The responses of lichens to fluoride pollution from an aluminium smelter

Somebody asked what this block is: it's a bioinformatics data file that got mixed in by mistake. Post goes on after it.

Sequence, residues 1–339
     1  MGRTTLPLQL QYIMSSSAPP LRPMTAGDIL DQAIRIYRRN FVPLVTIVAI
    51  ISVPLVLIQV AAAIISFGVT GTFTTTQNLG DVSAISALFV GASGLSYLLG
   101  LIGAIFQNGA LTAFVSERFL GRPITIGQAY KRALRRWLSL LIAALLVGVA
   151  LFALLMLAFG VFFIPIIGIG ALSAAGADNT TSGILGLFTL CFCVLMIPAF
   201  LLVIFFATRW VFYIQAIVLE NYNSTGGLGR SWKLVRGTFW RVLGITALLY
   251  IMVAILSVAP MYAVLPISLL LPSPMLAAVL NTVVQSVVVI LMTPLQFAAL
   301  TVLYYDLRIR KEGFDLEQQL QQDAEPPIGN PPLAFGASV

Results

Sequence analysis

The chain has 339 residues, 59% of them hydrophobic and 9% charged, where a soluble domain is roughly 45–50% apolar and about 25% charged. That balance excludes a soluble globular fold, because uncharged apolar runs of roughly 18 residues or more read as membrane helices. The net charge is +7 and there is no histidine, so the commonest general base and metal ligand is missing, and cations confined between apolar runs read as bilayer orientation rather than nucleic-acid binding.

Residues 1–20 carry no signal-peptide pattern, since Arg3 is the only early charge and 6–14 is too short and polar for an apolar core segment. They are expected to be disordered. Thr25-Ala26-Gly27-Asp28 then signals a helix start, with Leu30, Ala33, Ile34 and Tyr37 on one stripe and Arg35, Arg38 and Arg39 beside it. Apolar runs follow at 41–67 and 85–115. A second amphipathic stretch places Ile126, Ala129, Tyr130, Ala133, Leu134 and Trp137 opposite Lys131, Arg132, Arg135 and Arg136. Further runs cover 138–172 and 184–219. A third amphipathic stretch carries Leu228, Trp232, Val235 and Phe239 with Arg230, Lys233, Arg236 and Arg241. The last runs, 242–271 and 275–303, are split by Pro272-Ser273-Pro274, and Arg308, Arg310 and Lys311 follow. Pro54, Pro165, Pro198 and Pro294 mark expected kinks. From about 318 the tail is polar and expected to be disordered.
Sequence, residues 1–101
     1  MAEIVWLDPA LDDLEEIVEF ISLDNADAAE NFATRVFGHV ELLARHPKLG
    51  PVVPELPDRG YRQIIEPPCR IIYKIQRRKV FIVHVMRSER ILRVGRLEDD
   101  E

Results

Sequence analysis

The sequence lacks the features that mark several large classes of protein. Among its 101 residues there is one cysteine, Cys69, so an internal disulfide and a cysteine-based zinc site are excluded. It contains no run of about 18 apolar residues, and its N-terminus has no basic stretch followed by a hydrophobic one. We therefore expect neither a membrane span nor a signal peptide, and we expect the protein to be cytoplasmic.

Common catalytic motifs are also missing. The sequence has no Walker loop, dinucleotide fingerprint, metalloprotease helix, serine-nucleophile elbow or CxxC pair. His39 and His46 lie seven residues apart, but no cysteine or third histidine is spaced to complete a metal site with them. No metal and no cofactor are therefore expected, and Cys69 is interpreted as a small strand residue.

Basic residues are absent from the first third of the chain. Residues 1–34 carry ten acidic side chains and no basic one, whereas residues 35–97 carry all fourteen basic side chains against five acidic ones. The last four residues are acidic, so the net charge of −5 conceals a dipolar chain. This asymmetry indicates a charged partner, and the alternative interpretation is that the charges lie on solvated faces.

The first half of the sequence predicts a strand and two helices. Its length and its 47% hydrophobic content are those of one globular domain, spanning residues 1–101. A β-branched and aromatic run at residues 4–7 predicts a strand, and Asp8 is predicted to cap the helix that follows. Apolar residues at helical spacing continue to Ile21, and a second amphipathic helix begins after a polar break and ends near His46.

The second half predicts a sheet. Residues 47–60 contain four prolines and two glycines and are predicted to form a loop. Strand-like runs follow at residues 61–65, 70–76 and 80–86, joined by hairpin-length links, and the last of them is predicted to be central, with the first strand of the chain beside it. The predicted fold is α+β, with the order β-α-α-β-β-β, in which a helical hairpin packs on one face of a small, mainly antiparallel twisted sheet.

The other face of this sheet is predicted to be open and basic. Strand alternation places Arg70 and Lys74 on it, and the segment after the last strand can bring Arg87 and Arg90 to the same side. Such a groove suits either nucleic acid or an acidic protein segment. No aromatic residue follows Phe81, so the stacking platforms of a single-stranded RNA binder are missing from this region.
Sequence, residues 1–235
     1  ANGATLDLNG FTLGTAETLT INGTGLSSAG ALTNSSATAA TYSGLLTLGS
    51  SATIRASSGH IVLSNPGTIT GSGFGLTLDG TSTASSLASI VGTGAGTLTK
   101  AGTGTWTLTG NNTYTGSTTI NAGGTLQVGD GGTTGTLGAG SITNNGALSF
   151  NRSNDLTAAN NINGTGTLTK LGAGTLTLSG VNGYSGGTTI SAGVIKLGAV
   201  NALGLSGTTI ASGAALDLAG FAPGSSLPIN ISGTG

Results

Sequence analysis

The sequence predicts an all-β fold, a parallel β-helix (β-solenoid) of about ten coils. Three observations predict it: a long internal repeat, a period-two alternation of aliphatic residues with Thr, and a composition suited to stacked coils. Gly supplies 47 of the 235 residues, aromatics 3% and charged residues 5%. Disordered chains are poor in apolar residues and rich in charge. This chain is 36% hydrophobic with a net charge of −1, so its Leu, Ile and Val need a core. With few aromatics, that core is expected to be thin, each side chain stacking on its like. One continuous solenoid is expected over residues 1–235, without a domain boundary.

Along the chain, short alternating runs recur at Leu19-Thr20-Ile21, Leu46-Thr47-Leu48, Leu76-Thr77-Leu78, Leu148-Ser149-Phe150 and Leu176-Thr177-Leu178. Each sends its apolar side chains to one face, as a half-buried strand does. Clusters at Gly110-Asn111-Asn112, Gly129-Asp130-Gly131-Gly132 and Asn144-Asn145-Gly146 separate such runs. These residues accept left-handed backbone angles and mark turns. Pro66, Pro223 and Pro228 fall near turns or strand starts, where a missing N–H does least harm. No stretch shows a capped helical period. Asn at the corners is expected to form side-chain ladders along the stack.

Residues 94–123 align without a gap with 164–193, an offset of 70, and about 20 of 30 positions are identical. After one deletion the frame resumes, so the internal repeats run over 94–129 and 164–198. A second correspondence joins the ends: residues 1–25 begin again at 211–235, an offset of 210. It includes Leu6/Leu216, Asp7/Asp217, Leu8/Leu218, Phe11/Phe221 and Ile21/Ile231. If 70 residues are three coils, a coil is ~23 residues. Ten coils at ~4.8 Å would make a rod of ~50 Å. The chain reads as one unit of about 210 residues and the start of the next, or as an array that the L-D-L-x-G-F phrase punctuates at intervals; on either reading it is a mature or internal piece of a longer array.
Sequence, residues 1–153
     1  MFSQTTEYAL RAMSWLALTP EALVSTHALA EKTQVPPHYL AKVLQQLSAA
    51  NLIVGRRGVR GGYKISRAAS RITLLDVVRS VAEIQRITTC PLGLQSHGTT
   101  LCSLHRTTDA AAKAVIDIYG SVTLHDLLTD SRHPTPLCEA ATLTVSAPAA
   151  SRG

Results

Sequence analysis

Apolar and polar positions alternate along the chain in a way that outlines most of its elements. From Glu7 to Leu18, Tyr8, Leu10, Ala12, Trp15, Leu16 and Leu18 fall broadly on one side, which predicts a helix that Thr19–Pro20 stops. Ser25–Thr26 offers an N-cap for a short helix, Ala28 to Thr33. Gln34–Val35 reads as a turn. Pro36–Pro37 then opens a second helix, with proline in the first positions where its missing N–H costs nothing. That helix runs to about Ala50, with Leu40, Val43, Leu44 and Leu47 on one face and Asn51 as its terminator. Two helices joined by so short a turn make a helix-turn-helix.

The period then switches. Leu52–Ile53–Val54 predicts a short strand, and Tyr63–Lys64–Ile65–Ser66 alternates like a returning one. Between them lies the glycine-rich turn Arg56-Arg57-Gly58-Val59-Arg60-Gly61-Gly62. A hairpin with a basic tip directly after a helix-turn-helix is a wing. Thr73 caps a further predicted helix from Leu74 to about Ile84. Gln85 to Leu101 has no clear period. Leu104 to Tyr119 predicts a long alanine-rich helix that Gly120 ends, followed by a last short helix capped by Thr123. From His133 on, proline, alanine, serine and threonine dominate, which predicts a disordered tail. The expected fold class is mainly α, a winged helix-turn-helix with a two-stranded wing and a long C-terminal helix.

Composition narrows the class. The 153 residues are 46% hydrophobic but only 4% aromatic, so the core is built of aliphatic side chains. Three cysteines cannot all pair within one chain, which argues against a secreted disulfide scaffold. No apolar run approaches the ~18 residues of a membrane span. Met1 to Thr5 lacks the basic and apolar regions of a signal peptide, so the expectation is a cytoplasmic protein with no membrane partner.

1) Fluoride concentrations were investigated in 6 lichens and a moss growing on stone walls around the aluminium smelter at Invergordon. 2) These plants were able to accumulate elevated amounts of fluoride from the atmosphere. The highest level of fluoride occurred near the smelter and in the direction of prevailing winds. 3) Lichen surveys on three different substrates (fence-posts, trees and stone walls) revealed that lichens colonizing all these habitats were badly damaged in polluted areas. 4) A lichen desert was observed on the fence posts closer to the smelter. a5) Some species of lichens were absent from these substrates in the vicinity of smelter and did not appear until some distance away from the emission source. 6) These observations suggested that crustose lichens, due to their presence closer to the smelter, were more resistant to fluoride pollution than either foliose or fruticose lichens. 7) Transplant studies showed that lichens absorbed large amounts of fluoride from the polluted atmosphere around the aluminium smelter. a8) Fluoride concentration in the transplanted lichens increased with increasing time of exposure. 9) Four lichens transplanted in the same locality accumulated varying amounts of fluoride in their thalli. 10) The transplanted lichens were visually damaged and discoloured in zones of high pollution. 11) This discolouration was concurrent with decline in net photosynthesis and chlorophyll content of the thalli. 12) The reduction of net photosynthesis was also related to an increasing amount of fluoride in the lichen thalli. 13) The declining rate of net photosynthesis in a 'sensitive' species (i.e. H. physodes) was greater than in the 'resistant' species (P. saxatilis). 14) Laboratory studies revealed that lichens were able to accumulate large amounts of fluoride from hydrogen fluoride gas and sodium fluoride solutions. 15) Various lichens absorbed different quantities of fluoride from the same pollution levels. 16) The net photosynthetic rates of lichens decreased with increasing concentrations of hydrogen fluoride gas in fumigation chambers or fluoride ions in sodium fluoride solutions. 17) The effects of fluoride applied as hydrogen fluoride gas were more acute and rapid than those from sodium fluoride solutions. 18) Various lichens showed different physiological responses to the same external concentrations of fluoride (whether gaseous or in solutions). 19) The internal concentrations at which damage occurred were similar for each species, whether fluoride was applied as hydrogen fluoride gas or sodium fluoride solution. 20) The order of species sensitivity remains the same in whatever the form of fluoride applied and whether it is applied in the field or under laboratory conditions. 21) Field transplantation suggested that H. physodes exposed to the rain water was less affected by fluoride pollution than samples which were protected from rain. 22) The "unexposed" samples accumulated more fluoride in their thalli than the "exposed" lichens and consequently showed greater morphological and physiological abnormalities. 23) The chlorophyll content and net photosynthesis of both "exposed" and "unexposed" lichen samples decreased after 12 weeks transplantation. The lichens which were "exposed" showed a 50% reduction in net photosynthesis, whereas "unexposed" samples protected from rain water showed no positive net photosynthesis and contained considerably less chlorophyll. 24) Ultrastructural studies of H. physodes samples, fumigated with graded series of hydrogen fluoride gas, revealed disruption of chloroplasts in algal cells (i.e. Trobouxia). 25) The disruption of chloroplast i.e. formation of vesicles and their size increased with increasing the fluoride accumulation in the lichen thalli. No major change in the fungal cells was observed.